Transcript of Pelosi Interview on ABC's This Week with George Stephanopoulos
Washington, D.C. – Speaker Nancy Pelosi joined George Stephanopoulos on ABC’s This Week to discuss the legacy of Justice Ruth Bader Ginsburg, the more than 125 days since the House passed the Heroes Act and other news of the day. Below are the Speaker’s remarks:
George Stephanopoulos. Let's get more on this now from the Speaker of the House, Nancy Pelosi. Speaker Pelosi, thanks for joining us this morning.
Speaker Pelosi. Good morning.
George Stephanopoulos. You wrote Friday that the passing of Justice Ginsburg is an incalculable loss for our democracy. How do you remember her, and how will the House honor her?
Speaker Pelosi. I'm so glad the country is providing such an outpouring of love and support to honor Ruth Bader Ginsburg. Petite, tiny in size, huge in impact and powerful, brilliant brain on the Court. She was so remarkable, and I can't help but thinking the good person that she is as we extend condolences to her family. She would want us to keep our eye on the ball of the 200,000 people who will be – probably this weekend we’ll reach – sadly reach that number.
This challenge that we have is directly – if the President thinks this isn't about the coronavirus, it is. It's about health care. So, the President is rushing to make some kind of a decision because he – November 10 is when the arguments begin on the Affordable Care Act. He doesn't want to crush the virus. He wants to crush the Affordable Care Act.
So, again, in terms of Ruth Bader Ginsburg, any one of us who knew her, who loved her, who respected her, and that includes almost anybody who had an appreciation for greatness, mourn her loss, but would want us to move forward to protect the people who are sick, those with coronavirus who now have – millions of them now have a pre-existing condition. That's what the President wants to crush when he says he wants to replace the Chief Justice – excuse me the Justice in this short period of time.
George Stephanopoulos. Of course, you're the Speaker of the House, not a Member of the Senate. Is there any way Democrats can slow this nomination down or block it?
Speaker Pelosi. Well, as you say, that is a matter for the Senate, but I will say this. It's really important for everyone to get out there and vote. The day the Justice passed away, ten states started early voting that day. We just want everyone across the country who cares about health care for all Americans, who cares about crushing the coronavirus, who cares about a woman's right to choose, who cares about LGBTQ rights, the list goes on and on, to vote. The election is very important.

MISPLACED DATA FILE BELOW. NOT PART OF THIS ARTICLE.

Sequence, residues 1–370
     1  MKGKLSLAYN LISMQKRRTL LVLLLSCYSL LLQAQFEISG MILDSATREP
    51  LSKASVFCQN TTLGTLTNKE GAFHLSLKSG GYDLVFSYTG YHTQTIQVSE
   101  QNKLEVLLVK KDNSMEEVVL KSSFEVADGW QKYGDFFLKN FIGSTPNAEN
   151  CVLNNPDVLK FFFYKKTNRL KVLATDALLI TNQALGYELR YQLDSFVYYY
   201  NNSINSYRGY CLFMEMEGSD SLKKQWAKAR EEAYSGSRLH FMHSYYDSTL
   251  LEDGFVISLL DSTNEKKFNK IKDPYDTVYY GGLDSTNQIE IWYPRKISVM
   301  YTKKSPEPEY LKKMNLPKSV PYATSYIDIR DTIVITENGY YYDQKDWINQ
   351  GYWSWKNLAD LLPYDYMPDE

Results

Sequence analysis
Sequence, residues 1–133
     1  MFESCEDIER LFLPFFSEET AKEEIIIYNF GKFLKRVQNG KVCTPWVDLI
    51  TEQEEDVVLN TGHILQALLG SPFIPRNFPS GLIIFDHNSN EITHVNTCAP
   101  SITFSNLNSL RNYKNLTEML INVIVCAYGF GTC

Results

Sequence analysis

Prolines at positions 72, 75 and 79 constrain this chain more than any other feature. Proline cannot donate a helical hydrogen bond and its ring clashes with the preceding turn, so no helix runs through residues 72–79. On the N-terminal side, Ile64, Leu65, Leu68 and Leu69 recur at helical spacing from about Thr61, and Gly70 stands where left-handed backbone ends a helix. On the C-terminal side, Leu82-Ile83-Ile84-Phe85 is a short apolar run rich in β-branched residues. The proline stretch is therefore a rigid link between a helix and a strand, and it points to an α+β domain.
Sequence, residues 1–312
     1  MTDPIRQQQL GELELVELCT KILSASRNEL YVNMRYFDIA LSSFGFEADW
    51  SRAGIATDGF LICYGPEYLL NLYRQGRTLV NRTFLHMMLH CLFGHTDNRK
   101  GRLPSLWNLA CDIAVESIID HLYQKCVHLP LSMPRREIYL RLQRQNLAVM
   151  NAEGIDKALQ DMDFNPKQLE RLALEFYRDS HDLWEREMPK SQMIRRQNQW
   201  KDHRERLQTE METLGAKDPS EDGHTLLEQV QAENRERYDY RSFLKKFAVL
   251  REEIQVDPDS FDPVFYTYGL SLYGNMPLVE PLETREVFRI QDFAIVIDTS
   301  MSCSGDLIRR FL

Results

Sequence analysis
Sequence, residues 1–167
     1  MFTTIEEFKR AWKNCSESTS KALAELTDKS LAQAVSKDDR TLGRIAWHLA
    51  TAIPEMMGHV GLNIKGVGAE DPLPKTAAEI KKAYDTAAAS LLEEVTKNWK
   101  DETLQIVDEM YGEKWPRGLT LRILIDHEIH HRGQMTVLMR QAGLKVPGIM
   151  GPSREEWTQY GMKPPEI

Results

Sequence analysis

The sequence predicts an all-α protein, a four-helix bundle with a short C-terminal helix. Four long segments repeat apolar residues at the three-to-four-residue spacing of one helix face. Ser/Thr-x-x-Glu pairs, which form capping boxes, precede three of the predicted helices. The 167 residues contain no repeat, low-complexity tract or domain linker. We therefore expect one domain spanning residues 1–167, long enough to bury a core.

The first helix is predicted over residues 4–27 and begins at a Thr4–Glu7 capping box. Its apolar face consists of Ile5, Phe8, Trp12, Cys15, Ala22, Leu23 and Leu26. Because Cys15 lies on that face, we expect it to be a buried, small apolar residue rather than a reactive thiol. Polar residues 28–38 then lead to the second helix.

Let me just remind that when we had the Lilly Ledbetter case before the Supreme Court, the Court ruled against women in the workplace. Justice Ginsburg wrote the dissent. That dissent became the Lilly Ledbetter law that was the first bill signed by Barack Obama.
So, the Congress has the ability to overturn the injustices that spring from the Supreme Court, and that's why we have to have a big turnout in this election, not from politics, not for anything other than what it means to people in their homes, in their lives.
George Stephanopoulos. You are in the middle of negotiations over government funding. The government runs out of funding at the end of September. Is there any way you can use leverage in those negotiations to slow this nomination down?
Speaker Pelosi. None of us has any interest in shutting down government. That has such a harmful and painful impact on so many people in our country, so I would hope that we can just proceed with that. There is some enthusiasm among, some exuberance on the left to say, ‘Let’s use that,’ but we're not going to be shutting down government.
I do hope though that the focus on health care and what it means in terms of the courts will have public opinion be of such magnitude that the Republicans will finally, finally address the coronavirus crisis, finally subscribe to a plan to crush the virus, to listen to scientists about testing, tracing, treatment, mask wearing, sanitation, ventilation, social distancing. Why have we not adopted that as a country? That is a place where we can slow the growth and perhaps crush this virus. Instead – well, I don't want to go into instead. You know what instead is.